I spent some valuable time this week doing a bit of data discovery about rural communities. In my search I explored an interactive map showing the percent change in total population from the 2010 to the 2020 Census at both the state and county levels. I first zoomed in to view the South Dakota county-level data – it was a mix of blue (growth) and beige (decline) county blocks spread across the east and west sides of our state. I discovered 33 of 66 counties in South Dakota had positive population growth in the past ten years!
We believe the future of rural exists here, right now, and that it’s up to all of us to shape it, together. In this spirit, Dakota Resources launched our inaugural Annual Giving Campaign in September, with a goal of financially bolstering our programs and our work to empower rural communities. With an initial goal of 100 supporters by the end of 2023, we’re already halfway there, and today, we ask you – our readers, followers, and partners in a thriving rural – to show your support for us.
While conferences and workshops are frequently offered by all types of organizations and industries, opportunities to truly engage with others by sharing success stories and best practices are comparatively rare. Every year since 2018, Dakota Resources’ Learning Network program hosts quarterly events known as Thriverr Gatherings. Although our Thriverr Gatherings share some commonalities with a typical conference or workshop, we’ve spent years designing these events to cultivate regular and consistent collaboration and connection for our members.
It’s harvest time here in rural communities across the Midwest and the nation, and it’s that word “harvest” that rings so true for communities like Hoven, South Dakota. While many think of crops like beans and corn as integral parts of a farmer’s fall harvest, the town of Hoven experiences a harvest each day, with the help of Dakota Resources, as community volunteers work together to reach their potential of creating a thriving rural community.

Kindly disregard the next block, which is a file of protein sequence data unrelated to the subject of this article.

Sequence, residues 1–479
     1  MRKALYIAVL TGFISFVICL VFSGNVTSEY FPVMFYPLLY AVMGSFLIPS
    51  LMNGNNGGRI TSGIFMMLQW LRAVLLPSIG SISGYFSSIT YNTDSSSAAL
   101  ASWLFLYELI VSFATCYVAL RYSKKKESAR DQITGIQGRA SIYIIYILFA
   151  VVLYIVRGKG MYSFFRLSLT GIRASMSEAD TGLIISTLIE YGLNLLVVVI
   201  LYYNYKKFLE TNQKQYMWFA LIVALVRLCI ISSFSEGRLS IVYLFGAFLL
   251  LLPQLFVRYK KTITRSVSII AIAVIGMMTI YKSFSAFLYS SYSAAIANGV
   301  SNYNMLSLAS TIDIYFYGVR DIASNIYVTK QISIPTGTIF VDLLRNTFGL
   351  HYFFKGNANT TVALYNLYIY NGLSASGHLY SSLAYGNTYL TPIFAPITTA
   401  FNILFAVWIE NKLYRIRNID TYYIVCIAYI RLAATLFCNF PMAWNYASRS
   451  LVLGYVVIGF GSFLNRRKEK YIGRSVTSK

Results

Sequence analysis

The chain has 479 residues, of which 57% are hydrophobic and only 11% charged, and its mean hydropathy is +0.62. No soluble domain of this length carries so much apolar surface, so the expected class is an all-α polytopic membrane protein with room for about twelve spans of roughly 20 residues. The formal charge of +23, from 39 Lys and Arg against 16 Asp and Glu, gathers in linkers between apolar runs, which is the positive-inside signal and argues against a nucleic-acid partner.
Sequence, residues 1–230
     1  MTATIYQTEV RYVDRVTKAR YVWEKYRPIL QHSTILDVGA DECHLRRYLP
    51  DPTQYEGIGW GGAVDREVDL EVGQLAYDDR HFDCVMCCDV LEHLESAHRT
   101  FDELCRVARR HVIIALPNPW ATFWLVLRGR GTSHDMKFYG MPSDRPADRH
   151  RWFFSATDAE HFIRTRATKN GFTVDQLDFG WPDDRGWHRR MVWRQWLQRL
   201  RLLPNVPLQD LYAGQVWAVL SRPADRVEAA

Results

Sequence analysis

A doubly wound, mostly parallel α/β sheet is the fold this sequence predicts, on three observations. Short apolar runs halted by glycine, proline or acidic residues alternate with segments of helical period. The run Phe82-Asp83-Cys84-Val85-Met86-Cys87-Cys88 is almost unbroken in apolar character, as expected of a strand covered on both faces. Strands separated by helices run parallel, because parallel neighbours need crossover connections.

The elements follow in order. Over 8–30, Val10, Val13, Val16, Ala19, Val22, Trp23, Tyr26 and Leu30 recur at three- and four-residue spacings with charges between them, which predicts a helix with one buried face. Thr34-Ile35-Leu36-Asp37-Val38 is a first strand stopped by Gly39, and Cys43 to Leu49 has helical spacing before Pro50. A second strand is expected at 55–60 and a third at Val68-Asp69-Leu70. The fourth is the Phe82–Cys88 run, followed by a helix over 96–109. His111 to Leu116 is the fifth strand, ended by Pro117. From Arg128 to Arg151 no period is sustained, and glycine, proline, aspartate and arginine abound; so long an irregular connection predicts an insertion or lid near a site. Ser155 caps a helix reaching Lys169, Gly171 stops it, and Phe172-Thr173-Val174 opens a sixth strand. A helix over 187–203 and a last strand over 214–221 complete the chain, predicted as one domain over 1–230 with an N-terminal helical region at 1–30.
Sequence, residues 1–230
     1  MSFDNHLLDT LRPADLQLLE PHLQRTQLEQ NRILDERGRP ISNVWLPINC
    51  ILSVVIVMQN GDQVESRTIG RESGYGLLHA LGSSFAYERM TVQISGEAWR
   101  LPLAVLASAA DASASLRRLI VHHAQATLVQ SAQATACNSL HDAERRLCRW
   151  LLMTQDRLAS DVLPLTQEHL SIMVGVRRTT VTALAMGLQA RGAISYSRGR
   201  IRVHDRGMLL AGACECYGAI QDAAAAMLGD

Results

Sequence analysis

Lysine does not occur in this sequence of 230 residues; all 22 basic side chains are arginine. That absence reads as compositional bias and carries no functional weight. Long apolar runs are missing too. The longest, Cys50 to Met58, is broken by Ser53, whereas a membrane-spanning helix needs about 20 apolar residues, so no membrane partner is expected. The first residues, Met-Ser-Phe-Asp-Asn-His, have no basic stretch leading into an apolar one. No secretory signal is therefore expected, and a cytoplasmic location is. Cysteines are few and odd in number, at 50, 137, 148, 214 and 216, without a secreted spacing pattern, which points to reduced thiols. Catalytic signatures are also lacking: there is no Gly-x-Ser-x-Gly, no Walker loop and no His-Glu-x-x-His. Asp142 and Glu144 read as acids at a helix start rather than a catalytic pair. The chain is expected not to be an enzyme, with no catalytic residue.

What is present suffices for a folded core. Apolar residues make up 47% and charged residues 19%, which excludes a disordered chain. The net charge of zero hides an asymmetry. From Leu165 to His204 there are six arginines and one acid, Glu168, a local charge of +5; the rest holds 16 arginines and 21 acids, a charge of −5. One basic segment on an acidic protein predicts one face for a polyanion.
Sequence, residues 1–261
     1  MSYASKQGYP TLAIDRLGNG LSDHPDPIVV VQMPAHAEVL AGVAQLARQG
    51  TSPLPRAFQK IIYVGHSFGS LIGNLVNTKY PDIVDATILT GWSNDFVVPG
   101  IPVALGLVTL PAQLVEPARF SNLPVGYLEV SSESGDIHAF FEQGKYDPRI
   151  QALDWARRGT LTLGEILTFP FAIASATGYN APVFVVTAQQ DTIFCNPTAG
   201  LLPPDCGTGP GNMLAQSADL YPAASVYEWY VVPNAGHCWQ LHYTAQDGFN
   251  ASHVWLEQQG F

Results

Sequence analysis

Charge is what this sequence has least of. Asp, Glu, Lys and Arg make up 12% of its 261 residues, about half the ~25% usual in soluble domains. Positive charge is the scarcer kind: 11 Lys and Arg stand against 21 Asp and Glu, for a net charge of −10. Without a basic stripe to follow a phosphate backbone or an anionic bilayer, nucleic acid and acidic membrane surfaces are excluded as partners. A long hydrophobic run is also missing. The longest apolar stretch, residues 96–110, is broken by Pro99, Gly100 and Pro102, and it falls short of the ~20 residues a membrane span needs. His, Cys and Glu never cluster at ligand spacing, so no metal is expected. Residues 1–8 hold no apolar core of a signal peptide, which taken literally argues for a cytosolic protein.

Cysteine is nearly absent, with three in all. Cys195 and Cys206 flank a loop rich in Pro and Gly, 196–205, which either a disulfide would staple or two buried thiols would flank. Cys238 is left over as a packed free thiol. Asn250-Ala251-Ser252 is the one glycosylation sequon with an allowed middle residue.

Success stories are among our favorite tales to tell, and that’s certainly the theme of our work with the Entrepreneur Fund. Like Dakota Resources, Entrepreneur Fund is a Community Development Financial Institution (CDFI) that lends capital and provides services in order to diversify the regional and rural economy in northern and central Minnesota and, since 2022, in rural Wisconsin as well. Born out of a need to diversify industry on the Iron Range in the late 1980’s and early 90’s, Entrepreneur Fund was founded with two main priorities: to support entrepreneurs to start and grow small businesses that would create steady incomes for themselves and others, and to renew the entrepreneurial culture in the region.
My short answer is a resounding, "Yes!" Decision making can and, according to my experiences, is best when both intuitive and data driven. Let me share a small-town story about how intuition and data can improve decisions.
Community and economic development work is often complex and can mean many different things. For this reason, Dakota Resources continues to survey our constituents in order to take stock of rural development work in and around South Dakota. In late 2022, Dakota Resources engaged stakeholders in a survey in order to assess the building blocks of a thriving rural community and gather statistics around what economic development organizations throughout the state are doing when it comes to economic development in their service area.
Last week, Dakota Resources launched a new website to better serve rural shapers. The website, which can be found at DakotaResources.org, offers an improved user experience, both on desktop and on mobile, and features a more intuitive navigation menu and pages that are better suited to our work today.
Sara Bartscher ACCOUNTING & COMPLIANCE COORDINATOR Sara Bartscher [...]
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This year at RuralX we explored “Loving Where You Live.” What are the places you love? What does it mean to practice loving where you live?
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This year at RuralX we explored the question “Where do we go from here?” We dove into these topics with our online audience and watch parties throughout rural.